Economic Importance


Mantids or Mantises generally may seem be able to be used as biological control agents, such as to clear pests. However, they are low in numbers in nature, that they provide little economic significance. This is due to their natural behaviour, of being are generally widely dispersed and solitary, except during periods for mating.
Furthermore, these mantids do not prey on specific insects, so they can devour both pests and beneficial insects.



Taxonomy


Taxonomy ID: 627780
Taxonomic Coverage: Animalia - Arthropoda - Insecta - Mantodea
Specimen: Holotype (female), located in NHRS Stockholm [link]

Taxa Hierarchy

Lineage:
› Eukaryota
---Opisthokonta
-------› Metazoa
----------Eumetazoa
-------------Bilateria
----------------Coelomata
-------------------Protostomia
----------------------› Ecdysozoa
-------------------------Panarthropoda
----------------------------› Arthropoda
-------------------------------Mandibulata
-----------------------------------Pancrustacea
--------------------------------------› Hexapoda
-----------------------------------------› Insecta
---------------------------------------------Dicondylia
-------------------------------------------------› Pterygota
-----------------------------------------------------› Neoptera
--------------------------------------------------------› Orthopteroidea
------------------------------------------------------------› Dictyoptera
----------------------------------------------------------------› Mantodea
--------------------------------------------------------------------› Iridopterygidae
------------------------------------------------------------------------› Tropidomantinae
-----------------------------------------------------------------------------› Tropidomantis
Synonym:
Tropidomantis perla (Kirby, 1904) [2]

Related species:
Under Tropidomantis Stål, 1877
  • Tropidomantis gressitti Tinkham, 1937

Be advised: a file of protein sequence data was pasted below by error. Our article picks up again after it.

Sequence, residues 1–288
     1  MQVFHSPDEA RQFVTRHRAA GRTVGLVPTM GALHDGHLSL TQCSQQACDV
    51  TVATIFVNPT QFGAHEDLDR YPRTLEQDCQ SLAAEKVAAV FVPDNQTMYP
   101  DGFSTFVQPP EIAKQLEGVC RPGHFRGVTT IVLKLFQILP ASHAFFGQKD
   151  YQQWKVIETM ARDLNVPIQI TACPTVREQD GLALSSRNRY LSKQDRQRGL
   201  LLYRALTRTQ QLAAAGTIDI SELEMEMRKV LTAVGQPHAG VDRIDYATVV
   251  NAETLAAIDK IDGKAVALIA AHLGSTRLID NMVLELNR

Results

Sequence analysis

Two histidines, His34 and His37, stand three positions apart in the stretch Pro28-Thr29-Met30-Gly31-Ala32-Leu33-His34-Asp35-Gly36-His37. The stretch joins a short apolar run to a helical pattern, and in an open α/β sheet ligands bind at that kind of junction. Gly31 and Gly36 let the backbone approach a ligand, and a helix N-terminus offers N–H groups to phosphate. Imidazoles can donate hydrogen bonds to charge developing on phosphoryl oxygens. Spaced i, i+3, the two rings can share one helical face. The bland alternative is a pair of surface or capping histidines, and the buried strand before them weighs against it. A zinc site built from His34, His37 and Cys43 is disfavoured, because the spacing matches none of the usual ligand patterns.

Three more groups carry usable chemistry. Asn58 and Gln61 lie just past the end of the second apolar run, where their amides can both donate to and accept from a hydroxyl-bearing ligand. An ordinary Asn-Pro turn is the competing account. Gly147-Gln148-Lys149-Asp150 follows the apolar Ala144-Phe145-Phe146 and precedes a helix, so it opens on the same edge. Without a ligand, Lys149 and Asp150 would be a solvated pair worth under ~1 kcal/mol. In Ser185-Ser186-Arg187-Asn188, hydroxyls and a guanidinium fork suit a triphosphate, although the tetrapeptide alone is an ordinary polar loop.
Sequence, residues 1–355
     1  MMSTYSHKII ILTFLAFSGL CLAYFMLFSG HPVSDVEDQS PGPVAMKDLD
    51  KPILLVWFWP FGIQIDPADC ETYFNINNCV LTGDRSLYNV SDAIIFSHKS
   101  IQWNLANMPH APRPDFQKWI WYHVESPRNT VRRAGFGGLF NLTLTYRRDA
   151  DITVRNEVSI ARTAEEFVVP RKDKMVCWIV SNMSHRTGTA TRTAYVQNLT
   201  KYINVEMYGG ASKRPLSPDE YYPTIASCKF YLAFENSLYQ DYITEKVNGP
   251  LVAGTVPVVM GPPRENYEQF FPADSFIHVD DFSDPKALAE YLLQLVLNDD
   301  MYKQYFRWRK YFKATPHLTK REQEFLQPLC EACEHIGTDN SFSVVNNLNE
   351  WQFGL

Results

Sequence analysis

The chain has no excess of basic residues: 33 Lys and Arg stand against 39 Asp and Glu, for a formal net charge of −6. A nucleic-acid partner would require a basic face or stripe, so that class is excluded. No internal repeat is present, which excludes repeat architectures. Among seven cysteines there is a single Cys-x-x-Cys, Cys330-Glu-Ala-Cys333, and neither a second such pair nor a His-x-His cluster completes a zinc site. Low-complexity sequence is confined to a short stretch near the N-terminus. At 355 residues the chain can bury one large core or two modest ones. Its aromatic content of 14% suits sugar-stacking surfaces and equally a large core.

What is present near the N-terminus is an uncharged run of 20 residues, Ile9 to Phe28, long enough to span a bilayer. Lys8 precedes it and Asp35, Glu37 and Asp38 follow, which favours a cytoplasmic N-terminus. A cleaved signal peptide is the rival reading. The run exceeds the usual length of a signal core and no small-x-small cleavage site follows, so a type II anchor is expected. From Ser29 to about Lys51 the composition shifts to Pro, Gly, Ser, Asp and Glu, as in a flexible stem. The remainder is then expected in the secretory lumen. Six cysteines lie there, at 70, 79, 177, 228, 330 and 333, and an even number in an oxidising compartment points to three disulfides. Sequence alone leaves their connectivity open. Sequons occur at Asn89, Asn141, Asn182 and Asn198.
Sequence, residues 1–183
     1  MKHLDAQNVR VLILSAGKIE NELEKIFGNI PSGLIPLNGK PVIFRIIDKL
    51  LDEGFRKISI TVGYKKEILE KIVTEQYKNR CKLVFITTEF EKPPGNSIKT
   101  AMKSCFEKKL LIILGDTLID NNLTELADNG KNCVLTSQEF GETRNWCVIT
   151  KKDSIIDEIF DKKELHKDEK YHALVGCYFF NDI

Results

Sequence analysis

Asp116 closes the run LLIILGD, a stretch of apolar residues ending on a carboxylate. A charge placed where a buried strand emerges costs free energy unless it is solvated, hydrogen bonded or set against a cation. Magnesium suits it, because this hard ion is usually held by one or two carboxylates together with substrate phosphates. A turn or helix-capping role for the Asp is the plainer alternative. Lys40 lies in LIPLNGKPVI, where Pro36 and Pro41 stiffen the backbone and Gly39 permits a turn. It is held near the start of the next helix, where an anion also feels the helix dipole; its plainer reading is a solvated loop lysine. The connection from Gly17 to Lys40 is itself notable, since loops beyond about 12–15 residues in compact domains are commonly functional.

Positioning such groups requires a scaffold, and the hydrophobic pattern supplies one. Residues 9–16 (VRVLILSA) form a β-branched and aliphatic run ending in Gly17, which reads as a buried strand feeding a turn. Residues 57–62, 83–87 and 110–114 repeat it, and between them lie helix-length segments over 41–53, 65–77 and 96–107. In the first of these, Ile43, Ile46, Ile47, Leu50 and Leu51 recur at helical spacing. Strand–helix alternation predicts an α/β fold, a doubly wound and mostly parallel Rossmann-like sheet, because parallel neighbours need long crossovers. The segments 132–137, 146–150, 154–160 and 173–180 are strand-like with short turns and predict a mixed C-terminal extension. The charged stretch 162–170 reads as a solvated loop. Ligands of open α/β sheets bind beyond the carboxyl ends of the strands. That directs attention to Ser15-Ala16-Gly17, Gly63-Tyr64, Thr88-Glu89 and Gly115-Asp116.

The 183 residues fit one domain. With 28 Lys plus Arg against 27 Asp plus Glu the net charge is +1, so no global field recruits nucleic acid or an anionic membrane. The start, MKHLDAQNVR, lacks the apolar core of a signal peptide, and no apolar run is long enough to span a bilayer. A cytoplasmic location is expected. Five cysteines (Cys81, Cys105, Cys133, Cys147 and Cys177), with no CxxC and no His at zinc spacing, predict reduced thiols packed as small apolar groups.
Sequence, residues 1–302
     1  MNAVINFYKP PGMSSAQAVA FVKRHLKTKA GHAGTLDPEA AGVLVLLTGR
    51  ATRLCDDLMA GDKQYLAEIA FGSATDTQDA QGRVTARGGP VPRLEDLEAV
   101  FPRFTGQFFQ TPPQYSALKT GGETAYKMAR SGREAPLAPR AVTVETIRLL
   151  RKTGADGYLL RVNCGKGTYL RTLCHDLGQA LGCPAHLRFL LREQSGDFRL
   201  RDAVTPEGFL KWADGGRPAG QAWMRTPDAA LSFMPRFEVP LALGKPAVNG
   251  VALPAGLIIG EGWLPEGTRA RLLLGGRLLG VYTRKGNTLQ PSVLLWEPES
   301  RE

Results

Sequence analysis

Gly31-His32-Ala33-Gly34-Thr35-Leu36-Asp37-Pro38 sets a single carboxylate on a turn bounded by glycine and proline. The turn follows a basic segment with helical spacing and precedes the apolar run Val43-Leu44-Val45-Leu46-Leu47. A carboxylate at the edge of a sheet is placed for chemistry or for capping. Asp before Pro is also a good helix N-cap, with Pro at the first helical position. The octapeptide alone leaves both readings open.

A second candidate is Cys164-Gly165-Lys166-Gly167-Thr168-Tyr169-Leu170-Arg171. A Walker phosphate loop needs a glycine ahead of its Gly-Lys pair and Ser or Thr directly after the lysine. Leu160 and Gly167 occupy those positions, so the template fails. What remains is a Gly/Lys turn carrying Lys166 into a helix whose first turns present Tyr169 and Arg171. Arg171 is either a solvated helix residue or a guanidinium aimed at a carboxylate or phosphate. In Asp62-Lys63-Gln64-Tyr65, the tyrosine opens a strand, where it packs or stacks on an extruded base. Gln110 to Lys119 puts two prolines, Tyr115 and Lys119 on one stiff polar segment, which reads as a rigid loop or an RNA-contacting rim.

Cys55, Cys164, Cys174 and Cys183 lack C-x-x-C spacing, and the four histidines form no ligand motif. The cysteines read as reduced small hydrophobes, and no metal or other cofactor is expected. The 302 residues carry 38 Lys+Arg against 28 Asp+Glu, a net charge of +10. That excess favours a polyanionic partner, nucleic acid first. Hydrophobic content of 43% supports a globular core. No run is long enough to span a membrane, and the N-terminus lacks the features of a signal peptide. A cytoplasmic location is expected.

• Tropidomantis guttatipennis Stål, 1877
  • Tropidomantis iridipennis Westwood, 1889
  • Tropidomantis yunnanensis Wang, 1993

Related taxons:

Distribution

Locality
This is a species of mantis that is generally found in Tropical East Asia region - Thailand, Malaysia, Sumatra, Java, Flores, Sumba, Sulawesi, Borneo and Philippines [Link].

It is also found in Singapore, such as in Kent Ridge and Punggol (End).


Habitat
They are mostly found to be on shrubs, and on occasionally, to be on tree trunks.
Distribution map mantis.jpg

Evolution of a Predator

Mantids are commonly known to be ambush their prey, lying in wait until a potential prey arrives. However, not all mantids are ambush predators.
Svenson and Whiting (2004) have tested the monophyly of different taxa groups under Mantodea, to determine the phylogenetic relationships among them. Their results show that the taxon group - Iridopterygidae is paraphyletic, which Tropidomantis tenera is nested in.

The phylogenetic tree (Figure 20) is produced to determine the hunting strategy used by ancestral mantids, which has shown that the common ancestor is very likely a generalist predator (Svenson and Whiting, 2004).

Tropidomantis tenera, falling under Tropidomantinae (Iriodopterygidae) could either be a cursorial or generalist predator. However, further studies involving molecular techniques are needed to confirm it.
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Figure 22. Phylogeny show that class of the common ancestor, and the class of different mantids.
As highlighted, it shows the possibility of the class of Tropidomantis tenera. (Figure: